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How to Stop the Rigging of Election '08

The issues of ACORN and voter fraud are a smokescreen designed to cover a much more serious issue with a long and ugly history: the suppression of the vote of groups that tend to vote Democratic.
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Don't be fooled by all the accusations about ACORN. The real voting scandal is the voter suppression methods that likely swayed election results in 2000 and 2004, and are in process again.

Most of the news has focused on John McCain's accusations that ACORN is perpetrating a major vote fraud. In fact, the challenges point to ACORN's efforts to register voters, not to anyone ineligible actually voting. The truth is that ACORN, a group that organizes poor people, has been registering record numbers to vote: a jaw-dropping 1.3 million -- mostly low-income people, people of color, and young people.

ACORN readily admit that a tiny fraction of the 13,000 canvassers they hired turned in faulty registrations. "If they had too many mistakes or problems, we fired that person," Brian Mellor, senior counsel for Project Vote, said in an article in the New York Daily News. But the organization has no choice about turning in the faulty forms; most states require that every registration form filled out be handed over to election officials.

"I personally went to the office of the Clark County [Nevada] board of elections in July and told them we're bringing these forms in, we've separated the ones that have problems," he said. "You should investigate and prosecute those you feel necessary. They told us they weren't interested." Nevada state officials raided the ACORN office in early October.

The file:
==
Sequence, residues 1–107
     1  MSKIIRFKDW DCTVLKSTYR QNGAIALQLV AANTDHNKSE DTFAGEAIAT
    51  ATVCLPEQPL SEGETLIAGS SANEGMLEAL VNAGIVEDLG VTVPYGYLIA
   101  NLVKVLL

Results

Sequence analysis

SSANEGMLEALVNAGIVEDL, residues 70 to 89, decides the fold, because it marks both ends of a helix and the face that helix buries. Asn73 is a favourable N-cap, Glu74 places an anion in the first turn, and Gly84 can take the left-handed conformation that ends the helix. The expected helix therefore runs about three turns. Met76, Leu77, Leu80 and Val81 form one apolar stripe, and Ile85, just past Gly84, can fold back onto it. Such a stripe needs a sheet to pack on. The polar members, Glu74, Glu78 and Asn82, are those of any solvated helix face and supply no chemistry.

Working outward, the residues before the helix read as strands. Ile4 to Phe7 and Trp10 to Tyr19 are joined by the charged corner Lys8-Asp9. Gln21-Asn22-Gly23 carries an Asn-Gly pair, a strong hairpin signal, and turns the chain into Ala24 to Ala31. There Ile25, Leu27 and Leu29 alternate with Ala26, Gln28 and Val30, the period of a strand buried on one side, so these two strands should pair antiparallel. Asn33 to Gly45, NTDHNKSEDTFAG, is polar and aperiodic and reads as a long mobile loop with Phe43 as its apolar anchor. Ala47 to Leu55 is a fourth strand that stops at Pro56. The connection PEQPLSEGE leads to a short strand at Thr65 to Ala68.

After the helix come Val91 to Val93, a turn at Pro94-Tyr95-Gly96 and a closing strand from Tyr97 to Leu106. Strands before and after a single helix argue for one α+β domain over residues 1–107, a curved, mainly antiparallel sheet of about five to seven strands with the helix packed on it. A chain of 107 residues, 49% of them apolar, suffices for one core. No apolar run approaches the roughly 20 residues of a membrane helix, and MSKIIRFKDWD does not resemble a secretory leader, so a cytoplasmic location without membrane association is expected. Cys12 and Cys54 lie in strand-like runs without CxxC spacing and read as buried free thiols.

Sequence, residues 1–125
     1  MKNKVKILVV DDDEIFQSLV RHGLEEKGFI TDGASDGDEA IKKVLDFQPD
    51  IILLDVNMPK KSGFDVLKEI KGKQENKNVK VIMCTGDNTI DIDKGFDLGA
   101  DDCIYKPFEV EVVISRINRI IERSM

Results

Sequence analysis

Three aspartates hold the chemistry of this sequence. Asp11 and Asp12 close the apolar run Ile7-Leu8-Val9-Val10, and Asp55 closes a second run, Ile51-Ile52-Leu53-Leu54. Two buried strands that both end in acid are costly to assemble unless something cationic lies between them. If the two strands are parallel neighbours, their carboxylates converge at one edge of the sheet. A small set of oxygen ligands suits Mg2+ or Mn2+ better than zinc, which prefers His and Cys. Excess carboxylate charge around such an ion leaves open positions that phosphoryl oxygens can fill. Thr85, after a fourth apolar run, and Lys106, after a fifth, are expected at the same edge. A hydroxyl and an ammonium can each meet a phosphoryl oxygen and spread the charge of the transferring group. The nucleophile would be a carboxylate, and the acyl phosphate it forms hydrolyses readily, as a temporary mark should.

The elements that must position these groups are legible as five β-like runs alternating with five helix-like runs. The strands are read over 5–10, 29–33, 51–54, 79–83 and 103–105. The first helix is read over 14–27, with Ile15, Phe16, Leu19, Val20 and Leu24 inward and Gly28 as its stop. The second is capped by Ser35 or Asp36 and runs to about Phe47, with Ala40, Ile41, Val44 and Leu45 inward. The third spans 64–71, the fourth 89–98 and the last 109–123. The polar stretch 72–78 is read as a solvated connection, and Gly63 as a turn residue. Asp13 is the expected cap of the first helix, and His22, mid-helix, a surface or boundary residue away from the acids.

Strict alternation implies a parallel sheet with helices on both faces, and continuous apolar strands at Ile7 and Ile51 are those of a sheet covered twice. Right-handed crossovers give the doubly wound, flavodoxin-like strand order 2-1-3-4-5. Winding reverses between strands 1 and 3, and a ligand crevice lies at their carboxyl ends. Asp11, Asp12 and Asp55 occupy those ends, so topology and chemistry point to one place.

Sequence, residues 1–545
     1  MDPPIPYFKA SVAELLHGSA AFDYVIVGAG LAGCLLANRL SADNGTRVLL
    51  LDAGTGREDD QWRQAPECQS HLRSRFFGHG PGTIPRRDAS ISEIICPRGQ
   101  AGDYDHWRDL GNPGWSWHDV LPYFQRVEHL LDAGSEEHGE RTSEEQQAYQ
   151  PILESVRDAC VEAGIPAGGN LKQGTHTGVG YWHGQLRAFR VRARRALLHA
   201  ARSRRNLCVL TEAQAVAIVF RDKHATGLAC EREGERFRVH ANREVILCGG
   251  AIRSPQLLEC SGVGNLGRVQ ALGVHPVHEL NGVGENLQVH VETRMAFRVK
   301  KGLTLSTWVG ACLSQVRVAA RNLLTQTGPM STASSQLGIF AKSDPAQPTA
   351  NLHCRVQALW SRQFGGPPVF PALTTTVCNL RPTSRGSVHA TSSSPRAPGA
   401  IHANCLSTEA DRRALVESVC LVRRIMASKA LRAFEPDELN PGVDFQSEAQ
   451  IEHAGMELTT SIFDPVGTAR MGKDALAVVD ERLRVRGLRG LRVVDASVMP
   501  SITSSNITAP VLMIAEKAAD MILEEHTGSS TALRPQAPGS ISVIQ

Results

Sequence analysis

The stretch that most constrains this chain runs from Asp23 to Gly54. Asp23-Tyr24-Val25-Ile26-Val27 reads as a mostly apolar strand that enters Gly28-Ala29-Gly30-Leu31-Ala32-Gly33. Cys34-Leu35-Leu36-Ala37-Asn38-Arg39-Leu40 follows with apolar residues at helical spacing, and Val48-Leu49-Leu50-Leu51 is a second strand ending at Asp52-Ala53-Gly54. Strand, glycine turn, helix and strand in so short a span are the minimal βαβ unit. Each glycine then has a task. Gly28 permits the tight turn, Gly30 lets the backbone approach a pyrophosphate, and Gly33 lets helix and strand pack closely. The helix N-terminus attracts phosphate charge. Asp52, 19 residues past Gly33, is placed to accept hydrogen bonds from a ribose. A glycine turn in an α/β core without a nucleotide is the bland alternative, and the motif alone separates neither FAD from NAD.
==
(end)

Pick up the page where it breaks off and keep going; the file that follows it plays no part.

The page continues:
But there's little chance that these errors will result in improper voting on election day, much less affect outcomes. According to researcher Lorraine C. Minnite, of Columbia University, a total of 24 people, across the U.S., were found guilty of voter fraud between 2002 and 2005 -- an average of eight per year.

This video features ACORN leaders and others responding to the charges of election "fraud."

This issue of voter fraud is a smokescreen designed to cover a much more serious issue with a long and ugly history: the suppression of the vote of groups that tend to vote Democratic -- especially the poor, minorities, and young people. Minnesota Secretary of State Mark Ritchie said as much when I interviewed him last year.

In the current issue of Rolling Stone magazine, Greg Palast and Robert Kennedy Jr. show that thousands of voters have been disenfranchised in key swing states, dating back to the 2000 election, and continuing today. Techniques include purging voter registration rolls in targeted districts, challenging voters, requiring excessive identification, and discarding ballots.

There are also cases where heavily Democratic districts get few voting machines, resulting in long lines, while Republican precincts in the same county are well stocked, with no waiting to vote. Reports are already coming in of scare tactics repeated from the last two elections, especially flyers and posters warning that voters will be arrested at the polls if they have so much as an unpaid parking ticket.

Then there are the infamous black box voting machines, which, computer scientists warn, can't be secured or audited. There are already reports of voting machines in West Virginia flipping Obama votes to John McCain during early voting.

This country has a long and ugly history of suppressing the votes of minorities and poor people, and today's voter suppression tactics follow in that shameful tradition.

So what do we do protect the votes now that the election is just days away?

YES! Magazine is sending out an email to thousands of our readers entitled 12 Ways to Protect the Vote. Click on this link for simple things you can do, and forward on these instructions for safeguarding your vote.

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Maybe this will be the year that voter suppression efforts fail and faith in the honesty of our election system is restored. A lot will depend on responsible election officials, alert reporters, Internet watchdog groups, and perhaps most important, the vigilance of voters.

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